• Great start: But more than confidence is required. Another element that is critical for successful entrepreneurs is an unwavering passion in what they’re doing. In the face of obstacles, distractions and naysayers, great entrepreneurs follow their passion no matter what the odds. The founding of Twitter, an emerging worldwide phenomenon, brings those lessons out in spades. The concept for Twitter came out of Jack’s lifelong fascination with mapping the real-time movements of people and things within complex environments. “Since I was very small, I’ve been fascinated by how cities work,” Jack told me in his typical, straightforward way. “I always got really excited when I thought about visualizing them, specifically around maps. What would you place on a map to show how a city worked?” He grew up in St. Louis—he thought couriers where were magical. “I loved couriers. You had this transfer of physical information happening throughout the city and the world. Someone picking up the package, putting I in a bag, going somewhere, taking it out of he baq, giving it to someone else. I thought that was so cool. I wanted to map it, to see that flow on a big screen. When I did some research into how courier systems worked, I found that there was a parallel information transfer that was digital, and it was called ‘dispatch,’ which was just a coordination effort. (24) Started a bicycle courier service of his own at the age of sixteen. Coded software at young age after teaching himself. While in the second year of an engineering program at the Missouri University of Science and Technology, he came across a New York City-based company called Dispatch Management Services Corporation (DMSC), which managed dispatch centers for couriers—on foot, bicycles, and motorcyles. Gregg Kidd, told him to come to New York. So he did. He moved to New York and transferred to NYU and started writing dispatch software for DMSC. Improved the dispatch software. Raised money from Band of Angels ( a group of current and former Silicon Valley executives ) to found dNET. They wanted to build a Web-centric dispatch system hat would essentially provide an ATM for couriers, most of whom don’t have bank accounts, so they could easily draw their commissions through the Web.” Discovered instant messaging but had to use your keyboard. He had a RIM 850, the predecessor to the BlackBerry One night, I couldn’t sleep, I just had to write a prototype script. It would sit on a server, take incoming emails, broadcast them out to a list, and also record them in a database that I could view on the Web.” That was the first glimmer of Twitter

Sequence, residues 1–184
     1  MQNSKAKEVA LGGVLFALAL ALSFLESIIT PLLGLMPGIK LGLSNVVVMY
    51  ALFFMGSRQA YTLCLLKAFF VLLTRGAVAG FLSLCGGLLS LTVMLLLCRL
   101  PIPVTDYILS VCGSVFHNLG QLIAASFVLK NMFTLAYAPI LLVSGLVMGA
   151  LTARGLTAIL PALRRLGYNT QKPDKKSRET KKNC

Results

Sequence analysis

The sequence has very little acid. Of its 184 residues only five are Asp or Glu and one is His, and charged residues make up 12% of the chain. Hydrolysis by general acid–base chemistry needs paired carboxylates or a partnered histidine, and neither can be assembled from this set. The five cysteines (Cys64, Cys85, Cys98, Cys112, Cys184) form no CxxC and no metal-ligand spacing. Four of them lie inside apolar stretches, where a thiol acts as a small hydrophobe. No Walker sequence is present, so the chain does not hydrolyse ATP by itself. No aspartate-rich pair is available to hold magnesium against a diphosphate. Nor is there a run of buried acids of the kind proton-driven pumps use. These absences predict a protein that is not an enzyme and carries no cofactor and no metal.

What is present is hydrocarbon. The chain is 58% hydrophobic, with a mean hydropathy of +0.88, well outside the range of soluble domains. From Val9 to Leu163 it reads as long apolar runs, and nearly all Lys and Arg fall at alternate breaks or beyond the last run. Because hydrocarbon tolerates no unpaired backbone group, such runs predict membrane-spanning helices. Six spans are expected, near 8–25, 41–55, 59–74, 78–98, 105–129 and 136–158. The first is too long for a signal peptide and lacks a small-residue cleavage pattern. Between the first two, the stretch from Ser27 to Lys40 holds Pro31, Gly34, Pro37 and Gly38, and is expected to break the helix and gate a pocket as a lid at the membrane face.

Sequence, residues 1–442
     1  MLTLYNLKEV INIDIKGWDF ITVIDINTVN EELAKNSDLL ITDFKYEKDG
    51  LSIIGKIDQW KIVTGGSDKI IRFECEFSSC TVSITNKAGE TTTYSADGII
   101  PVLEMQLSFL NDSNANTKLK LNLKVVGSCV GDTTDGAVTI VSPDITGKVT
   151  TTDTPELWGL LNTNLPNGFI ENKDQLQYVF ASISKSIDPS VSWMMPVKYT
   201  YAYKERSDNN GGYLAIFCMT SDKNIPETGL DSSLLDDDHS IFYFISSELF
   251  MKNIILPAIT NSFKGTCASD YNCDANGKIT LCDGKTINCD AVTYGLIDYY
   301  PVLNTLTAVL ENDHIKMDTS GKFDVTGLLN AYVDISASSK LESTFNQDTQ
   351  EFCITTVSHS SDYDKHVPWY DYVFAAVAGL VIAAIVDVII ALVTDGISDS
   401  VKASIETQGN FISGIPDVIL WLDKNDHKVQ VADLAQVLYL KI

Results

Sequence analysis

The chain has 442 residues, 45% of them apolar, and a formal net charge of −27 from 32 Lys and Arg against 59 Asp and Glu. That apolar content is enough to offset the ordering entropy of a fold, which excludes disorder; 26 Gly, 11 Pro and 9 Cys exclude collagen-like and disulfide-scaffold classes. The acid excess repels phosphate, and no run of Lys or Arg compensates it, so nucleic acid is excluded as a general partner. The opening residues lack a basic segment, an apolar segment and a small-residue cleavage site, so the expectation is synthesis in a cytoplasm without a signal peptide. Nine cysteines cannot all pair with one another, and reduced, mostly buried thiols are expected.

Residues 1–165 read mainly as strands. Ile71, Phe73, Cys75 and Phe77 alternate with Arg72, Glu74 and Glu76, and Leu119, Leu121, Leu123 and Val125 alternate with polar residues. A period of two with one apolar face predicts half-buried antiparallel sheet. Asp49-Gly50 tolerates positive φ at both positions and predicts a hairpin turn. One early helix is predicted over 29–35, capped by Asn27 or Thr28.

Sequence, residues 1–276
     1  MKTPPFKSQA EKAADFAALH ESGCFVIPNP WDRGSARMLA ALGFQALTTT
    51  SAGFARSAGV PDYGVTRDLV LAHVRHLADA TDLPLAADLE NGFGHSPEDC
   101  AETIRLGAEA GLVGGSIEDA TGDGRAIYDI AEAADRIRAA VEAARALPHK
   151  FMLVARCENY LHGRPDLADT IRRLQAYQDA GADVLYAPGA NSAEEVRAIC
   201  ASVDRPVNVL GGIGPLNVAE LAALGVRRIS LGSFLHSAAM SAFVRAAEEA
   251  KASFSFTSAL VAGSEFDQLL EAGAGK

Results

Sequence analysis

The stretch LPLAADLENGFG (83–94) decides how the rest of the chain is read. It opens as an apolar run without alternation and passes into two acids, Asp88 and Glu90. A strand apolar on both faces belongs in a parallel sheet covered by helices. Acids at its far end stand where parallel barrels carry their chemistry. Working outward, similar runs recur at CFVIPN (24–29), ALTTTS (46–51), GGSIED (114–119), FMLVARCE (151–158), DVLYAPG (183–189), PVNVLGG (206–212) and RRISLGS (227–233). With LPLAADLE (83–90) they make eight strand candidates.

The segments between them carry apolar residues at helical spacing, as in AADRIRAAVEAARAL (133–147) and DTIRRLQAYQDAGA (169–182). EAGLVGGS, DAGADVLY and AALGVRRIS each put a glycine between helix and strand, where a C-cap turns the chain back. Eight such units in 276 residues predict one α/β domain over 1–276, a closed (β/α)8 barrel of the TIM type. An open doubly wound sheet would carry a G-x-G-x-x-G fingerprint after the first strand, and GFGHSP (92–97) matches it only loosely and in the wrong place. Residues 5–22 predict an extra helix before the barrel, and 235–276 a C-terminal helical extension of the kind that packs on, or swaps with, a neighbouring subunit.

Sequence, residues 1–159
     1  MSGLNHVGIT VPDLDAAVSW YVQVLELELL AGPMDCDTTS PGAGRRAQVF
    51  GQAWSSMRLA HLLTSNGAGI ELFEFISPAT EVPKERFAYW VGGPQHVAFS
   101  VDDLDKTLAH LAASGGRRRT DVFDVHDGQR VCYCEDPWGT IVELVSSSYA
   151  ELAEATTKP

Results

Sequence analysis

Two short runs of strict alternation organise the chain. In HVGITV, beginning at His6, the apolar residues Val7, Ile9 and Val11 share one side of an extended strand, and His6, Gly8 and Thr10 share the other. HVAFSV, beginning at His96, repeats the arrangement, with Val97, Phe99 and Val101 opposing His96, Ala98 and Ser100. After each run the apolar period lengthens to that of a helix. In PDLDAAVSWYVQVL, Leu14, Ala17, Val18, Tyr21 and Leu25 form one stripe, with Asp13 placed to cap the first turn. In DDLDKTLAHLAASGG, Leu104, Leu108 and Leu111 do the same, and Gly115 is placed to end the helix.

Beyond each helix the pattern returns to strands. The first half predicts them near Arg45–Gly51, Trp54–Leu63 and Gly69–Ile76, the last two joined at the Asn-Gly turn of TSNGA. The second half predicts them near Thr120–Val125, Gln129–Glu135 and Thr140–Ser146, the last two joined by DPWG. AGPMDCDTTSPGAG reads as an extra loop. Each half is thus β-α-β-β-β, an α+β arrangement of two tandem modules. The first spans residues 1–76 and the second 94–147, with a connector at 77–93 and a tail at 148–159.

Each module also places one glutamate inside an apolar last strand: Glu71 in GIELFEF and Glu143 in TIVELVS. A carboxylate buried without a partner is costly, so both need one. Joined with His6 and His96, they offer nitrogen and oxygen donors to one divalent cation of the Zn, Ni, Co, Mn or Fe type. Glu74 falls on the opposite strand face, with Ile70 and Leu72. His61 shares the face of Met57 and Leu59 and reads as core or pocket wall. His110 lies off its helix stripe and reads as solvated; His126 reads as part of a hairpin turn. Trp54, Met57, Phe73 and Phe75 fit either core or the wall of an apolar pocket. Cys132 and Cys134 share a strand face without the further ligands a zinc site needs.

• IPO is a rarity and she got there. She and her company traveled a pretty bumpy road from her arrival as CEO in 1999 to IPO in 2007. Gail led her management team through three rounds of financing. The first two involved pitching to over a hundred VC firms, and they suffered some pretty rough treatment at the hands of both VCs and banks. Ended with Constant Contact raising $107 million in its October 2007 IPO, with the stock price rising as high as $28.01 on its debut day, well above its forecast range of $12-14. Today, the company is the leader in its market space and has a market capitalization of over $500 million (159-160). I was pitching a very practical and reasonable growth trajectory, but everybody kept telling me, ‘Oh no, that’s not aggressive enough. It’s got to be $100 million in three years or we’re not interested.’ Eventually, Gail convinced two VCs to believe enough in her and the business vision to raise $10 million. Over the next three years, Constant Contact completed its product, won customers, and began to make money. But as they ramped quickly, they burned through the $10 million faster than they had intended. Meanwhile, the macroeconomic environment as deteriorating. The Internet bubble had burst and VCs got very skittish about investing in online businesses. During the time, Constant Contact had all the classic start-up company issues. In 2002, Gail set out to raise another $5 million in financing and approached her reluctant VCs for participation. But, shaken by tough market conditions, they had decided to shut down some of their underperforming portfolio companies rather than reinvest. So relations turned tense. “We were working with a junior partner in their East Coast office,” Gail said, “but the center of power was on the West Coast. As soon as I start presenting, two-thirds of the people in the West Coast office get up and walk out of the room.” Despite this rude behavior, and in large part thanks to Gail’s powers of persuasion, both firms continued forward while two new VCs came on board, and Constant Contact snagged another $5 million. (162) Founder gets squashed in recapitalization (could be a secret, I do not think worth harping on, we could have a slide on having dilution settings to protect you, but anti dilution clauses are usually asked for by the investors, I guess it follows though that if all your investors have strong anti dilution and you do not—you get squashed (162). Everybody was at a different point. Two want to add money and step on the gas, and two wanted more proof points. Talk about switch to VC and learning that “time is your friend.” VCs can make better decisions with time while entrepreneurs have a huge sense of urgency—urgency to get ahead of their competition, urgency to fulfill customers promises, urgency to make payroll as cash runs out. Gail is an entrepreneur who always operates with a sense of huge urgency, and so despite this mismatch with her VCs, she kept her head down and kept executing her plan to build the business. In 2005, Constant Contact began to run on all cylinders. The company doubled its revenue from the previous year to $15 million, and was projecting to double again in 2006. But still no decision from the VCs about additional funding. Gail was getting frustrated. Meets with Bill Kaiser of Greylock. She made her presentation “We’re going to raise this capital from Greylock and, after we’ve raised it, we’re going to spend it and that’s going to make us profitable. But it’s about marketing and securing lifetime customer revenue and here’s how the math works. Continues: 164-166